Before traveling in Virginia I never expected much from it, but while experiencing this grand old state I began to fall in love with the rich history, the beautiful landscapes, and the wonderful food there. On one particular stretch of road that delivered us to the restaurant Trummers on Main in the town of Clifton, Virginia I became captivated by the charms of this extraordinary southern state.
The road to Clifton, Virginia was previously traveled by great men such as Abraham Lincoln, Ulysses S. Grant, and Robert E. Lee. During time of the Civil War Clifton was a refuge for weary travelers—a place that offered shelter, food, and drink to those en route to cities such as Washington or Richmond. Years later Presidents Arthur, Hayes, and Teddy Roosevelt all visited Clifton to escape the pressures of Washington, and they stayed at the Clifton Hotel.
Today, Clifton has become a destination for gourmands looking for respite from the hectic pace of city life. The historic Clifton Hotel had been converted into the exciting restaurant Trummers on Main. This restaurant attracts day-trippers from nearby cities and satisfies their need for creative, delicious food and excellent service.
“Every Sunday we offer the bucket list”, we were told by our server. It was Sunday, yet we were not quite sure what to make of this slightly morbid statement. Anything on a bucket list is not to be missed so we inquired further, and we were pleased to find out that we were not going to be knocked off by our waitress!
Instead we were offered a selection of wines from an icy bucket at bargain prices. These bottles were leftovers from Friday or Saturday nights that had been opened to be sold by the glass and we were more than happy to help finish them off! From the bucket list we tried several delicious wines, including a couple of great wines made by Virginia wineries.
The food at Trummers equaled our wine in quality and affordability. Also on Sunday nights the menu was limited to a three course prix-fixe at a very affordable price. This limited menu allowed for the three of us to try nearly every dish on the menu that night!
One appetizer channeled the seashore for visual, flavor, and textural inspiration. A sextet of juicy, chilled mussels had been washed ashore onto a beach of red quinoa by a frothy wave of briny ocean foam. Dots of curry emulsion were shipped in from India, and Balsamic glaze from Italy to decorate the plate and add richness, flavor, and intrigue to the dish.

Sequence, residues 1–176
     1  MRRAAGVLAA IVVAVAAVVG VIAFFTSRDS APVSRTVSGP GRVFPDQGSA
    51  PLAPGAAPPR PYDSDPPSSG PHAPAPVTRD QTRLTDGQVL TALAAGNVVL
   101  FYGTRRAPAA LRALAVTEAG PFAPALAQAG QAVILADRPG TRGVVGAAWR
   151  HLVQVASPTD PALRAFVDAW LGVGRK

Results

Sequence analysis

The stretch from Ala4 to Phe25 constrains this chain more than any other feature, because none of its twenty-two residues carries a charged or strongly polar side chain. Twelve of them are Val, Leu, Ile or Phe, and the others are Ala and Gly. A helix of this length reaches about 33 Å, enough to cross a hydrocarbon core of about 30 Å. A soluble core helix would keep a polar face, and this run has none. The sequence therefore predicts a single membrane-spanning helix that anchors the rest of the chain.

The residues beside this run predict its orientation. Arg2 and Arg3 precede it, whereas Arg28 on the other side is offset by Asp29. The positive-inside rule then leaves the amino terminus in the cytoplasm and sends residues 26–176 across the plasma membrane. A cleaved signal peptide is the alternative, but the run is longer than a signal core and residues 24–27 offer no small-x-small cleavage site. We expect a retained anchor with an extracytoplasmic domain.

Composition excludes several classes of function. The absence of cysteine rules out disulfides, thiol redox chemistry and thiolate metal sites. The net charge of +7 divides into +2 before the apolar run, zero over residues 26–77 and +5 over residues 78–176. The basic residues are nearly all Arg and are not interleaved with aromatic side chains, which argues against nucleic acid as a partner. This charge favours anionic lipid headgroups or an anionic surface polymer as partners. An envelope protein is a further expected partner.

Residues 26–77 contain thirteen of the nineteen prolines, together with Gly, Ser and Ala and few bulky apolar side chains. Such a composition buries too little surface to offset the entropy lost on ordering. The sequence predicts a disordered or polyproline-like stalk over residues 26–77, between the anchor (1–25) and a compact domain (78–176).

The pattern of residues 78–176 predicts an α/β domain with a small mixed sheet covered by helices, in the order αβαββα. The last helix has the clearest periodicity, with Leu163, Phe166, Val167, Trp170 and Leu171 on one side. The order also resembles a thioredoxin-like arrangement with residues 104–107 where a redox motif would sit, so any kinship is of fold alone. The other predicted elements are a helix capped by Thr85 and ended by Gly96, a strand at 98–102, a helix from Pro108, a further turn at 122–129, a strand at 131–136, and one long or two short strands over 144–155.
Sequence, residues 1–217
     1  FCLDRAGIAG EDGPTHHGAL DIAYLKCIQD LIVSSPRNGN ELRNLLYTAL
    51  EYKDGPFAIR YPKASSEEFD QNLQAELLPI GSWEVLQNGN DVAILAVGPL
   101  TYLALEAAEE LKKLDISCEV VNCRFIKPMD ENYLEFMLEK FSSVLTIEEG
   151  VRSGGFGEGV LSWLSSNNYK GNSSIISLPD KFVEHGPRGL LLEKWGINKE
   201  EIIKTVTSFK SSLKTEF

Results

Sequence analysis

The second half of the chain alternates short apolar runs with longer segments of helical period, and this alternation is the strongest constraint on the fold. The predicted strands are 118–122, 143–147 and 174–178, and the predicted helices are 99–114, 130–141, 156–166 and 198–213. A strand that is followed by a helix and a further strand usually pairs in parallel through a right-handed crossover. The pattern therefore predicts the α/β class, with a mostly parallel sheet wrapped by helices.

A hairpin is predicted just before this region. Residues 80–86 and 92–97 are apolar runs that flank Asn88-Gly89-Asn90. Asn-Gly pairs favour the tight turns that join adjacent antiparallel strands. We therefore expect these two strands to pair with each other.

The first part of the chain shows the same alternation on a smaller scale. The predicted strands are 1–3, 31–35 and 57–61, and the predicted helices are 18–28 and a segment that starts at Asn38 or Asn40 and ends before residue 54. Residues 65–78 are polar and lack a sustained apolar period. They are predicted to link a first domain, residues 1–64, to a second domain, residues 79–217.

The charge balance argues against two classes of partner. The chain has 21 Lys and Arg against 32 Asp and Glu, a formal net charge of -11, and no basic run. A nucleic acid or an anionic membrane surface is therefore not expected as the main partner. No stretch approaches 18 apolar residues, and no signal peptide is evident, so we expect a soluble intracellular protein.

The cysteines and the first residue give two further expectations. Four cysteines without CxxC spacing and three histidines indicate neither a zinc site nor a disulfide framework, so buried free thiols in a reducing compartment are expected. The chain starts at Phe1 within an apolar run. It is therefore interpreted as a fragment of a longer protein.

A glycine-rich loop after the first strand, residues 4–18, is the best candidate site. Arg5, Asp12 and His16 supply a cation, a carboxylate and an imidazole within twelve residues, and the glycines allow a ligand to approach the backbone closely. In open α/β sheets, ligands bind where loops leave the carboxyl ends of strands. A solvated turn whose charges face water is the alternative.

Another starter featured Japanese flavors mixed with summer delicacies. Seared tuna slices were dusted in nori seaweed powder for a strong umami weight on the tongue. The tuna was garnished with dots of soy, pearls of sake, flakes of Panko breadcrumbs, plump blueberries, and some refreshing cucumber slices that had been compressed into juicy cylinders and other crunchy baby cucumbers that looked like little watermelons!
Next, three flying-saucer bowls of some mysterious wonder arrived at our table “compliments of the chef!” The servers described the process if this dish thoroughly. “This is tomato-water risotto. The chef macerates fresh tomatoes, red peppers, and basil and hangs the mixture in a cheese cloth to harvest the crystal-clear juice which he uses to cook and flavor the risotto.”
Ingenious! This dish was a great lesson in the importance in using a great “stock” or cooking liquid to cook risotto. All the fresh flavors of tomato (and none of the muddy ones) were captured in the clear tomato water and infused into the rice to create a dish that was bravely simple, brilliantly executed, and utterly delicious.
The flavorful risotto rice was cooked tender yet toothsome, and enriched with Parmesan cheese. Accompaniments of fresh heirloom cherry tomatoes and a Parmesan foam and tuile further emphasized the flavors and added texture to the dish.
My entrée of tropical Tilefish was well-suited to follow the tough act of our risotto. This flaky fish was fresh and moist. It was served with braised lettuce (a flavor which I adore), sweet tomato jam, and chicken broth. The dark, rich accompaniments served as a perfect backdrop to allow the white, delicate fish to shine–and my taste buds applauded this daring combination.
As we left through the bar at Trummers we passed portraits of Lincoln, Lee, and Grant that hung in the entrance to the old hotel. These portraits acknowledged the history of Clifton while diplomatically recognizing the differences of the men portrayed. On the drive home through the hills of Northern Virginia we passed trickling streams and chocolate brown equestrian fences that bordered fields of sun-scorched grass where horses grazed and patches of forest grew. I appreciated this land of with its bountiful southern charm and unique elegance that is distinctly and unmistakeably Virginia.